Aircraft lessor Aircastle has reached new agreements to place seven Boeing 737-700s previously operated by Sterling Airlines prior to the carrier ceasing operations late last year.

Iceland's economic crisis forced Sterling to cease operations in October 2008. The carrier's controlling shareholder was Icelandic.

During a call today to discuss the company's first quarter $18.5 million profit, Aircastle CEO Ron Wainshal said the company has placed all seven aircraft. Three of the 737s began operating during the first quarter and four are scheduled to be placed into revenue service by the end of May.

"When you get aircraft back at the wrong time of the year and have no time to prepare you're going to do worse," says Wainshal. But he adds, "I'm actually very pleased with the execution of the Sterling aircraft. We hit all our internal bogeys on that."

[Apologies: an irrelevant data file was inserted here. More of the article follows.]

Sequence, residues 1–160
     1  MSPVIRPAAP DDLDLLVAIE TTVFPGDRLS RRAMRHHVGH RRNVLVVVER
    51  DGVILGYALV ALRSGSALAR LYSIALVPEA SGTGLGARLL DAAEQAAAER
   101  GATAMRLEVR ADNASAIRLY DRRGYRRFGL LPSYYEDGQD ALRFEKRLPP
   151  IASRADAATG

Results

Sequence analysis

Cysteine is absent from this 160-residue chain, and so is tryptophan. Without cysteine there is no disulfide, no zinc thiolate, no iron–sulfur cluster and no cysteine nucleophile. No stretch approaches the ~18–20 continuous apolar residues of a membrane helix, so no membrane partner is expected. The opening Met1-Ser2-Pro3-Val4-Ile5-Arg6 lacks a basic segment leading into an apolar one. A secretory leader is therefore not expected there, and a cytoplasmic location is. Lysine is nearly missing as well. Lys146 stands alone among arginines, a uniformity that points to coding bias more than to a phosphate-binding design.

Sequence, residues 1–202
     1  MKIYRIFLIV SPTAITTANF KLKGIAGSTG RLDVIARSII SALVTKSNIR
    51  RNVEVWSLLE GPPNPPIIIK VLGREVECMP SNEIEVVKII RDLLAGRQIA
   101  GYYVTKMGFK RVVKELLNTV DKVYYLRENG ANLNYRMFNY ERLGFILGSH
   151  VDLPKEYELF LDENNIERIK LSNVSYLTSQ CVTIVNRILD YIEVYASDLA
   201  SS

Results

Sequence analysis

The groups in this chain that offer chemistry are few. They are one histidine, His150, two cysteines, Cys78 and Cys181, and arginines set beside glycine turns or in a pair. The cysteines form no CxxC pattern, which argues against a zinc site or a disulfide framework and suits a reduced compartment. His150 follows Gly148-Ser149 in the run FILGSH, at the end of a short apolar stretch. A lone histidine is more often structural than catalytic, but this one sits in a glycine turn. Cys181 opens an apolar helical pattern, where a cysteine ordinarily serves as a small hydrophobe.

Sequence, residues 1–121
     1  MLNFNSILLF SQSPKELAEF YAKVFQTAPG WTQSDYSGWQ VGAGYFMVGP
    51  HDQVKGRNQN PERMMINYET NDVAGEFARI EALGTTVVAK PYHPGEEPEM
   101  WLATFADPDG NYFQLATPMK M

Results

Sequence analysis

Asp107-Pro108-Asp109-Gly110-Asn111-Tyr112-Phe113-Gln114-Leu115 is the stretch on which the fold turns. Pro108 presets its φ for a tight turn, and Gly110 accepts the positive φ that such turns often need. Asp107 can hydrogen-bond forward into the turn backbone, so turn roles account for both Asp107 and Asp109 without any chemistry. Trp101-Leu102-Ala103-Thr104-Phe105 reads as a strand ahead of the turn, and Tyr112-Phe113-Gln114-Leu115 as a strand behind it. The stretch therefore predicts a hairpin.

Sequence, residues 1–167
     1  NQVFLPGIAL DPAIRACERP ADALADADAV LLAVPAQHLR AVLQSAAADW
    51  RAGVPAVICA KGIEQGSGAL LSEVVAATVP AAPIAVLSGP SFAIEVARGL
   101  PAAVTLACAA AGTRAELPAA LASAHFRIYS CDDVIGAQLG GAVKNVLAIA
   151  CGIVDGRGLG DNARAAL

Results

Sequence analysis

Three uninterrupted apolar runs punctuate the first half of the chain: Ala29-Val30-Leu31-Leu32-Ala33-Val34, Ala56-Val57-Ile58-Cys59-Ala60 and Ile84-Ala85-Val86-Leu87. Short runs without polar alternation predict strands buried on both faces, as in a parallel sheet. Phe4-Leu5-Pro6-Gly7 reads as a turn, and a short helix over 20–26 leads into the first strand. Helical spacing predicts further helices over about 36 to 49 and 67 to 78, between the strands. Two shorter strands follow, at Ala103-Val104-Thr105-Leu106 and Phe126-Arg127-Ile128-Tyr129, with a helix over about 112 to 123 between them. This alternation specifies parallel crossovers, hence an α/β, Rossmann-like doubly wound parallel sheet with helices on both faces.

Aircastle's overall revenues for the first quarter fell by $2.8 million to $132 million and lease rental fell by $5 million to $126 million. The company explains the fall in lease revenue is attributable to $7.7 million of revenue downtime in connection with aircraft in transition and freighter conversions.

Highlighting the financial support currently being offered by the US ExIm bank and European export credit agencies, Wainshal says he believes the latter will play a role in financing Aircastle's A330s.

The company has 12 A330s on order after amending its deal with Airbus in late 2008 to drop its original order from 15 to 12, and change the mix of the order to include more freighters.

Shortly the deal was amended Wainshal said Aircastle had reached a deal with a Chinese carrier to operate three of four A330s scheduled for delivery in 2010.

Source: Air Transport Intelligence news